A server is a computer on which your web host stores the files and databases needed for your website. Whenever an online visitor wants to access your website, their browser sends a request to your server and it transfers the necessary files through the internet. VPS hosting provides you with a virtual server that simulates a physical server, however, in reality, the machine is shared among several users.
Using virtualization technology, your hosting provider installs a virtual layer on top of the operating system (OS) of the server. This layer divides the server into partitions and allows each user to install their own OS and software.
Therefore, a virtual private server (VPS) is both virtual and private because you have complete control. It is separated from other server users on the OS level. In fact, VPS technology is similar to creating partitions on your own computer when you want to run more than one OS (e.g. Windows and Linux) without a reboot.
Running a VPS lets you set up your website within a secure container with guaranteed resources (memory, disk space, CPU cores, etc.) you don’t have to share with other users. With VPS hosting, you have the same root-level access as if you had a dedicated server, but at a much lower cost.
Comparing VPS to other web hosting types
Different types of web hosting allow you to perform different levels of customization on your server. They vary in pricing, performance (e.g. page load time), and the availability of the service (e.g. uptime) as well. Below, you can read about how VPS hosting compares to other hosting solutions.
Shared hosting is the solution for website owners with lower traffic sites. It is the starting point of most small businesses and bloggers. With shared hosting, you split the same physical server with a number of other clients of the hosting company. You don’t get dedicated resources allocated to you, as your site runs on the same operating system as everyone else’s.
Therefore, the memory and computing power your site can use is affected by the needs of other service users. For instance, if there’s a sudden traffic spike on a website hosted on the same server your page load time may increase. You can’t choose your operating system and other server software either, as all users use the same configuration. All in all, it’s your hosting provider who takes care of every aspect of your shared hosting environment.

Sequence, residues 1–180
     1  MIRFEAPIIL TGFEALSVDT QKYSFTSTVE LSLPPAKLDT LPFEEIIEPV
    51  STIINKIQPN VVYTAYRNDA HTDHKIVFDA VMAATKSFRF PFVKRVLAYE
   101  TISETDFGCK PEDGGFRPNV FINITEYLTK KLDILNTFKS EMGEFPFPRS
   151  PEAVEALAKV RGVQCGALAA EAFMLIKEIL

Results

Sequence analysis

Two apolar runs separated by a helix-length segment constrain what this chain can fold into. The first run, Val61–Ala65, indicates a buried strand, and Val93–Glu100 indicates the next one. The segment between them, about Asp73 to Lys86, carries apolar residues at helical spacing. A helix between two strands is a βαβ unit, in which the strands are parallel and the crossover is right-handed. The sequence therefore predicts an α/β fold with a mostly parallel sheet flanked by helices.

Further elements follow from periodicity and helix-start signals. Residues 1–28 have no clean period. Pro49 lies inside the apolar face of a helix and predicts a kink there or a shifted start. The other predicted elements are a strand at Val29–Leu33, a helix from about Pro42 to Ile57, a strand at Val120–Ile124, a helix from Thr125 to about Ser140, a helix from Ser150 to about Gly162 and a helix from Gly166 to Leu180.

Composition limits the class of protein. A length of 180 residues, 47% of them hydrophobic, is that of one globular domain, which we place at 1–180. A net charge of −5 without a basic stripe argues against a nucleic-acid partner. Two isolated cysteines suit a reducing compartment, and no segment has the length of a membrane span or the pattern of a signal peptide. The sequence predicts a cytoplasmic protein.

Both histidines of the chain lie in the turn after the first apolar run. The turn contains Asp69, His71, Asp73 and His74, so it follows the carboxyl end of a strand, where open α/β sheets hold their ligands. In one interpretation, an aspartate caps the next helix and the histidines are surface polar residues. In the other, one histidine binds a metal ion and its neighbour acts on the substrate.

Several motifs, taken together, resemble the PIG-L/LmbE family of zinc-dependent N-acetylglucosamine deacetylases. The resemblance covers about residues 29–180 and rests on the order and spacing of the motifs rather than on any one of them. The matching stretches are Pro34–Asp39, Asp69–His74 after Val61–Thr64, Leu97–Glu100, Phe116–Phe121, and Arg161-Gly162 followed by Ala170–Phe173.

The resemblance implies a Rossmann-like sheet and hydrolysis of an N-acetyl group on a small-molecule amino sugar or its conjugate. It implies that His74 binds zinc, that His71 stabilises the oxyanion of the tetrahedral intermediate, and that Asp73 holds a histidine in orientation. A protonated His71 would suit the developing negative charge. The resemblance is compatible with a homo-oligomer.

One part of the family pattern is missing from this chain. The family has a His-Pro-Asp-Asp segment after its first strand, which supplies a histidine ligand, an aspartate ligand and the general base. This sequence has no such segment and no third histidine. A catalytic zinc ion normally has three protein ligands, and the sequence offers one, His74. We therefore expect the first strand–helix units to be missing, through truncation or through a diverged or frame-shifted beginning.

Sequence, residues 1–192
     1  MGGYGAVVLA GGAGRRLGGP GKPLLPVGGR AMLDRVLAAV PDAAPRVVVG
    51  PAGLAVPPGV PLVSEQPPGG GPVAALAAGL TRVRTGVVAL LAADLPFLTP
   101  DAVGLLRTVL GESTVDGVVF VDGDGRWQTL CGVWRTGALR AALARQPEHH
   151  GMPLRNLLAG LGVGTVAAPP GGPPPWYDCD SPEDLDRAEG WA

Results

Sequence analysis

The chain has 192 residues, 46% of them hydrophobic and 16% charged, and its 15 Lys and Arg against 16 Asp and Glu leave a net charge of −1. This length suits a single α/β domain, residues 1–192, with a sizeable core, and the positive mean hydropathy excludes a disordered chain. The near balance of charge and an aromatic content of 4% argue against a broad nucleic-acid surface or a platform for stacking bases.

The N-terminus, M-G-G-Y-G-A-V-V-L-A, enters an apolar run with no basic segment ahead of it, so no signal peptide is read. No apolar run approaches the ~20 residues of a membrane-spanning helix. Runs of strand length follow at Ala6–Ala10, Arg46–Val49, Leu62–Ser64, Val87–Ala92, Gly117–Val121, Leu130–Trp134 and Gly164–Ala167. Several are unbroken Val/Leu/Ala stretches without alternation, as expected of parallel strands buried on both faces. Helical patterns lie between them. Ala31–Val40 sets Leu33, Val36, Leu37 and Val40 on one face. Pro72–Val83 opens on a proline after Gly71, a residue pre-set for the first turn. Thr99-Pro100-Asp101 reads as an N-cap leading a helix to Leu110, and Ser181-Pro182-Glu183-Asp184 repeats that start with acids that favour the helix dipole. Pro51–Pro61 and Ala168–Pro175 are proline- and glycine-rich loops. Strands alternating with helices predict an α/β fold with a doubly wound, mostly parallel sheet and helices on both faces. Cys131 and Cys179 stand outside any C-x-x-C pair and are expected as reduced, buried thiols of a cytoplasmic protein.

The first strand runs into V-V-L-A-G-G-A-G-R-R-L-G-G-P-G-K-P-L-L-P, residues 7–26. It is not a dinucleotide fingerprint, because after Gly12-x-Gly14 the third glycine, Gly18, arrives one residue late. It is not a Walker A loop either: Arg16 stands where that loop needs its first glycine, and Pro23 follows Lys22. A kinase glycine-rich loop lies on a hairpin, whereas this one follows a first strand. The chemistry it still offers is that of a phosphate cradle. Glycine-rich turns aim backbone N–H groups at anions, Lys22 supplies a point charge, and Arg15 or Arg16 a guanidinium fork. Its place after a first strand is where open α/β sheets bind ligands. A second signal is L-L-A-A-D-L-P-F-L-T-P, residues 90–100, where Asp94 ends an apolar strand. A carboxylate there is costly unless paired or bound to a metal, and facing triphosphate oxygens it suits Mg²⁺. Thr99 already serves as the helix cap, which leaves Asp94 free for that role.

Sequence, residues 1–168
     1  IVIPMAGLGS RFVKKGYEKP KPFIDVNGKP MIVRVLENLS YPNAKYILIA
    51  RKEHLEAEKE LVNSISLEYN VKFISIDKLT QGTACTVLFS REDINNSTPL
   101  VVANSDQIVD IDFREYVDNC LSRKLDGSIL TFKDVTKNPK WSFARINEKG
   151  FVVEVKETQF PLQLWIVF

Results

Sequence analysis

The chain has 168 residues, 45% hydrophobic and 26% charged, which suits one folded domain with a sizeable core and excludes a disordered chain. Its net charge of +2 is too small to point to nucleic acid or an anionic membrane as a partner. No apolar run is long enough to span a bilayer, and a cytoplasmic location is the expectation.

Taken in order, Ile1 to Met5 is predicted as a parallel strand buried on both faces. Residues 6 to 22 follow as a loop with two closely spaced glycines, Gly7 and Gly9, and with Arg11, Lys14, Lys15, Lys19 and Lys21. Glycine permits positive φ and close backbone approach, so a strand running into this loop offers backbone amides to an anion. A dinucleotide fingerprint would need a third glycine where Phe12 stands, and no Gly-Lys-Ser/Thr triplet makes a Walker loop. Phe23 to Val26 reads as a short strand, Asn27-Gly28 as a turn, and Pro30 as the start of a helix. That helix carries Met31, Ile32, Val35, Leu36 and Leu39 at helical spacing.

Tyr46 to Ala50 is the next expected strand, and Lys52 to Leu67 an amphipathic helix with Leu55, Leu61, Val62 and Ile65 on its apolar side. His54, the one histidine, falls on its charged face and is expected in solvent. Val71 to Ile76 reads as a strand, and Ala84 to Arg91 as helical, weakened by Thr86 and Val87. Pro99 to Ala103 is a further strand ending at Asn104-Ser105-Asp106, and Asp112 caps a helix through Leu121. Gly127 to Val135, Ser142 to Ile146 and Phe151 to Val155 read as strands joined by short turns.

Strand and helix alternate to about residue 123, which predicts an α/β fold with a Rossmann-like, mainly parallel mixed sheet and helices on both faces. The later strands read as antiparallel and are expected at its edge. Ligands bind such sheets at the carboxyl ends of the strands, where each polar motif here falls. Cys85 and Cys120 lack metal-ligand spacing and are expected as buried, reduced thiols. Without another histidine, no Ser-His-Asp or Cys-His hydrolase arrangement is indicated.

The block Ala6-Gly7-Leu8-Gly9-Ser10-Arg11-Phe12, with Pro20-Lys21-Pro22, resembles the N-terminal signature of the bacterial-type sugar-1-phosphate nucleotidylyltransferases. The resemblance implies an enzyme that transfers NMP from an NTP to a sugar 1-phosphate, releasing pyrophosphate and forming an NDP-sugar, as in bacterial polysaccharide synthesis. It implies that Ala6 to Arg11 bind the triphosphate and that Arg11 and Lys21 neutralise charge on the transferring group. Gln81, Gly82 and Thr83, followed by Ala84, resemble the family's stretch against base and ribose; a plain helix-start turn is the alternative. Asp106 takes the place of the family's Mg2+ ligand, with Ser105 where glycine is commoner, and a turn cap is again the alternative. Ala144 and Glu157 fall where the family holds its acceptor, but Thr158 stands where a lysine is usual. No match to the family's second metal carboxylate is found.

You can think of shared hosting as a rental where you share the same apartment with a number of roommates. VPS hosting is still a kind of flatshare, however, everyone has their own room where they can customize the space according to their needs. For instance, they get to choose the painting, furniture, decoration, etc.
With cloud hosting, you don’t use a single server but rather a cluster that runs in the cloud. Each server in the cluster stores an up-to-date copy of your website. When one of the servers is too busy, the cluster automatically redirects the traffic to a server that is less busy. As a result, cloud hosting comes with no downtime, as there’s always a server in the cluster that can serve the requests of your website visitors.
Cloud hosting and VPS hosting are not exclusive to each other. Instead, many hosting companies offer VPS hosting on a cloud infrastructure. This is also the solution we have chosen at Hostinger, as we found that combining VPS and cloud technologies leads to the highest possible performance and reliability in the virtual server environment.
WordPress hosting is a service specifically offered to WordPress site owners. It comes with several WordPress-related features that you can only use if you have a WordPress site, such as one-click installation, pre-installed plugins, or a WP command-line interface. Servers are configured for the needs of WordPress. Therefore, hosting providers offer WordPress hosting as a part of their shared hosting service.
Although it’s also possible to set up a WordPress site on a virtual private server, you can’t get access to the custom-built servers that have been configured with WordPress in mind. However, if you still choose VPS for your WordPress site you are able to set up and configure your hosting environment according to your business needs.
VPS pros and cons
VPS hosting can be an ideal solution for you if that’s the service you really need. Below, you can read the pros and cons of running a virtual private server.
- It’s faster and more reliable than a shared hosting server.
- As server resources such as memory or processing power are guaranteed, there’s zero to minimal fluctuation in available resources.
- Issues and traffic surges of other server users don’t affect your site.
- You get superuser (root) access to your server.
- You have better privacy, as your files and databases are locked from other server users.
- It’s an easy-to-scale service. As your website grows, you can easily upgrade your server resources (RAM, CPU, disk space, bandwidth, etc.).
- It’s more expensive than shared hosting.
- It requires more technical knowledge to manage your server.
- Improperly configured servers may lead to security vulnerabilities.